About the panelists:
Jonathan Bach is Professor of Global Studies at The New School in New York. His work looks at social transformation in Germany and China with a focus on questions of memory, material culture, urban change, and space and identity. He is the author most recently of What Remains: Everyday Encounters with the Socialist Past in Germany, (German edition: Die Spuren der DDR: Von Ostprodukten bis zu den Resten der Berliner Mauer) and co-editor of Learning from Shenzhen: China’s Post-Mao Experiment from Special Zone to Model City and the forthcoming volume Re-Centering the City: Global Mutations of Socialist Modernity. His articles have appeared in, among others, Cultural Anthropology, Cultural Politics, Public Culture, Theory, Culture and Society, Cultural Politics, and Philosophy and Social Science.
Sheri Berman is a professor of Political Science at Barnard College, Columbia University. Her research interests include European history and politics; the development of democracy; populism and fascism; and the history of the left. She has written about these topics for a wide variety of scholarly and non-scholarly publications, including the New York Times, The Washington Post, Foreign Policy, Foreign Affairs, and VOX. She currently serves on the boards of the Journal of Democracy, Dissent and Political Science Quarterly. Her most recent book, Democracy and Dictatorship: From the Ancien Regime to the Present Day, is forthcoming from Oxford University Press.
Omar G. Encarnación is Professor of Political Studies at Bard College, where he teaches comparative politics and Latin American and Iberian studies. He holds a Ph.D. in politics from Princeton University. He is the author of Spanish Politics: Democracy After Dictatorship (2008); Democracy without Justice in Spain: The Politics of Forgetting (2014); and Out in the Periphery: Latin America’s Gay Rights Revolution (2016), and peer-reviewed articles and reviews in Comparative Politics, Political Science Quarterly, Comparative Political Studies, International Studies Quarterly, Journal of Democracy, Human Rights Quarterly, and Perspectives on Politics. His political commentary has appeared in The New York Times, Foreign Affairs, The New York Review of Books, The Nation, and Foreign Policy, among other publications. He has been a consultant for the U.S. Department of State, the World Bank, and Freedom House. From 2017-2019 he served on the APSA Council, the governing body of the American Political Science Association.
Christiane Lemke is a professor of international relations and European studies at Leibniz University Hannover, and currently a DAAD visiting scholar at Deutsches Haus at NYU. She received her Ph.D. from the Free University in Berlin and went on to earn her Habilitation venia legendi in Political Science from the same institution. Her research interests include the creation of norms and customs in global governance. She has been Visiting Krupp Chair at Harvard University, DAAD Professor at the University of North Carolina at Chapel Hill, and Distinguished Visiting Professor at Suffolk University. In addition, while on leave from Leibniz University Hannover from 2006 to 2007, she served as Director of State Parliament in Lower Saxony, Germany. From 2010 to 2014, she was the holder of the Max Weber Chair in German and European Studies at NYU.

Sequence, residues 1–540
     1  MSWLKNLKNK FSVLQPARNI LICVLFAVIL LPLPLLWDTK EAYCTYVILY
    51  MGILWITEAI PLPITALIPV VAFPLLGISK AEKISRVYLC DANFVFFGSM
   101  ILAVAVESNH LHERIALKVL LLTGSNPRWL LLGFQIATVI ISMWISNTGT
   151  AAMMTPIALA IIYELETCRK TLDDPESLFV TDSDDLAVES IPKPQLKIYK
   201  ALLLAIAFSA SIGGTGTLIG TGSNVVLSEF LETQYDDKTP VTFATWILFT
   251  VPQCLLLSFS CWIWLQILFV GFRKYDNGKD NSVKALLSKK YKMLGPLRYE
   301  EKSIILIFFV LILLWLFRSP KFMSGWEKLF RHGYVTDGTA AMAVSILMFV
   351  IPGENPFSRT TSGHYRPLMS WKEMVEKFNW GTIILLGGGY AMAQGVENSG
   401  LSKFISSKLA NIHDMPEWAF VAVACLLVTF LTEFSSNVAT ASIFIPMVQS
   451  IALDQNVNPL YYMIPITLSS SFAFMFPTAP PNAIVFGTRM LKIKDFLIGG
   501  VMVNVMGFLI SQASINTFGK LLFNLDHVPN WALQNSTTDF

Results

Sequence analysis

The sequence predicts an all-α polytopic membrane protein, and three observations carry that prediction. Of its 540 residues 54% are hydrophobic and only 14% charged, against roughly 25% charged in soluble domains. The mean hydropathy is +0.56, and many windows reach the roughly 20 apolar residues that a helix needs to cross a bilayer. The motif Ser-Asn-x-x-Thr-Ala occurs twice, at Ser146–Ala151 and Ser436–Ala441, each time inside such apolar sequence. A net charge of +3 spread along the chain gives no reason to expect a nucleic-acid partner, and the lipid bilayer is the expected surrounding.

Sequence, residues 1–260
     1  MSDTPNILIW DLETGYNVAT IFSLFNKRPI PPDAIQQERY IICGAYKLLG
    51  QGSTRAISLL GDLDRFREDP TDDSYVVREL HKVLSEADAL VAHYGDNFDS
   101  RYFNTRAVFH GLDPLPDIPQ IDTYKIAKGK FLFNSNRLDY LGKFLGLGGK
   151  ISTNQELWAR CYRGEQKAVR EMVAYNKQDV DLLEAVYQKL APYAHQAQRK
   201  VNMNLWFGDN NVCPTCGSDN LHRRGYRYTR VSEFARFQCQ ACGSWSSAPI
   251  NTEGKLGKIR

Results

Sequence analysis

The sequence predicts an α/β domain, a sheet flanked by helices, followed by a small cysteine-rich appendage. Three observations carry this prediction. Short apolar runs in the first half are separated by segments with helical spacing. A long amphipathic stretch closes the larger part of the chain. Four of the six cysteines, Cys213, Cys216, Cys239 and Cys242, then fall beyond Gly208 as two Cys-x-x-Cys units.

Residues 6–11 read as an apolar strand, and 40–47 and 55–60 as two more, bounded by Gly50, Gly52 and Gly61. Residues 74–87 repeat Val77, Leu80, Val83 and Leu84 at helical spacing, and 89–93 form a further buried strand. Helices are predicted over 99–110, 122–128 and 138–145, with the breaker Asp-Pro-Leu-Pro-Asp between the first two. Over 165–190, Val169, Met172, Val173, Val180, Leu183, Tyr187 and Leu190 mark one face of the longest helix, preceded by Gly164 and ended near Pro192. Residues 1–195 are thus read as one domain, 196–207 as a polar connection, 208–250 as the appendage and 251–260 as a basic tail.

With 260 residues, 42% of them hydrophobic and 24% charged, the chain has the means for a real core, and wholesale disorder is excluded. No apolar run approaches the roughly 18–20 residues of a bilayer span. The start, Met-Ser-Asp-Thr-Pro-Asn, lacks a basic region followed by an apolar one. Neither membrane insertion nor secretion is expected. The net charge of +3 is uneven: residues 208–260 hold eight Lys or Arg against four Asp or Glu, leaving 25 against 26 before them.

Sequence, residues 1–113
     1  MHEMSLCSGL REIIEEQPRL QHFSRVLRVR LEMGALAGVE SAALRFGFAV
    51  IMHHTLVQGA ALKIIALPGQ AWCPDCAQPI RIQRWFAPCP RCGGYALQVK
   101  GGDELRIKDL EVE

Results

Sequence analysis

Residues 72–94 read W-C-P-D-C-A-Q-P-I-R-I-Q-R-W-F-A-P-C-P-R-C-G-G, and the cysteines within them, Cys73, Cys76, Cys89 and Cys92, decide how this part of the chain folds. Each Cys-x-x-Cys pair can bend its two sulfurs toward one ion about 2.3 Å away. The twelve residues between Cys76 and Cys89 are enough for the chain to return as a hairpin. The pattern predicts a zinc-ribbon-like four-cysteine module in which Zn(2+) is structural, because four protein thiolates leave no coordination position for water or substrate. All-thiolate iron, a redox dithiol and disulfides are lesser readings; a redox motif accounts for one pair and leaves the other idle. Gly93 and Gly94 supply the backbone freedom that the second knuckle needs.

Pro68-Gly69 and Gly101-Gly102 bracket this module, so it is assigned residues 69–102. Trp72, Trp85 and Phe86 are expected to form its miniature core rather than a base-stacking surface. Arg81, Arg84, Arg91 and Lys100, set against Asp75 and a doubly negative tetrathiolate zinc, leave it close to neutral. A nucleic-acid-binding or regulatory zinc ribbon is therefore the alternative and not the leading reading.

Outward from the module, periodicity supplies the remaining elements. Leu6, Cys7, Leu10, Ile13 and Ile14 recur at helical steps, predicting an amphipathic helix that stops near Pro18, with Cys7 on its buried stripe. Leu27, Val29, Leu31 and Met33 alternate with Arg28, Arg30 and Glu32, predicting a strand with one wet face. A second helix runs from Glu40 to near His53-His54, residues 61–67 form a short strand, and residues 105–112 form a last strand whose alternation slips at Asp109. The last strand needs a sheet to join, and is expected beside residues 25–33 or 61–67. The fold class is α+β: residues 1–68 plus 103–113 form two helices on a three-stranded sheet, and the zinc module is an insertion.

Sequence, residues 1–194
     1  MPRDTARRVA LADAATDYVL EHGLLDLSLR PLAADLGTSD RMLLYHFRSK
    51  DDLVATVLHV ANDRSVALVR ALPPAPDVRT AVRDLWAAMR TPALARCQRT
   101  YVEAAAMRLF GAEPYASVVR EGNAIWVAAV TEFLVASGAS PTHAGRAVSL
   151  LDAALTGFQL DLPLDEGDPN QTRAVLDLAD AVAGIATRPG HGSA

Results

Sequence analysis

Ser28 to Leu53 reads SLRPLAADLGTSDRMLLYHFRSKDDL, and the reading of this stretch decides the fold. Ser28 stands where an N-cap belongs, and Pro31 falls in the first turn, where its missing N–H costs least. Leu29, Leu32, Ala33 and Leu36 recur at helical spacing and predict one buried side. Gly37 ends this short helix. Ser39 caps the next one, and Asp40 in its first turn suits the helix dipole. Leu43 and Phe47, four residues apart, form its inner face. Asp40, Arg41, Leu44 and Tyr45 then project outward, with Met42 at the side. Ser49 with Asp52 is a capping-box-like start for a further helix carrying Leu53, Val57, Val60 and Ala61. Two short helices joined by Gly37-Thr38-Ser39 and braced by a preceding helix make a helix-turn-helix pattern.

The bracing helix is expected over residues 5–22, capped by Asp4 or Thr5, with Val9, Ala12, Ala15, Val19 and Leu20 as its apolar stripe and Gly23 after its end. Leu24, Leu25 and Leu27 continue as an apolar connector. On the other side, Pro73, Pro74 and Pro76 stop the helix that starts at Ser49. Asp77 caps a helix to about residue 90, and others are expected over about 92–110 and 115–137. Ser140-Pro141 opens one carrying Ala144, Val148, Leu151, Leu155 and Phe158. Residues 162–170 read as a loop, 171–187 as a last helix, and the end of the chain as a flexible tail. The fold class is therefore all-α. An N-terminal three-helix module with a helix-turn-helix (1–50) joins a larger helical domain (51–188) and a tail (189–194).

Hadas Aron (moderator) is a faculty fellow at the Center for European and Mediterranean Studies at NYU. After working for several years as a radio broadcaster, she completed her PhD at Columbia University, and was a Post-Doctoral fellow at the School of Political Science in Tel Aviv University. Her research and teaching focus on populism, nationalism, international security, and social and ethnic cleavages. Her regional concentration is on Eastern Europe, the United States, and Israel.
Yascha Mounk is one of the world's leading experts on the crisis of liberal democracy and the rise of populism. He is the author of three books that have been translated into ten languages, an Associate Professor of the Practice of International Affairs at Johns Hopkins University, a Contributing Editor at The Atlantic, a Senior Fellow at the German Marshall Fund, and the host of The Good Fight podcast. Yascha Mounk is a frequent keynote speaker at high-profile events like the Aspen Ideas Festival and a term member of the Council on Foreign Relations. Fluent in English, German, French and Italian, he provides commentary for leading radio and television programs around the world.
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The conference “Memories Are Made of This: 30 Years after the Fall of the Berlin Wall” is a DAAD-sponsored event.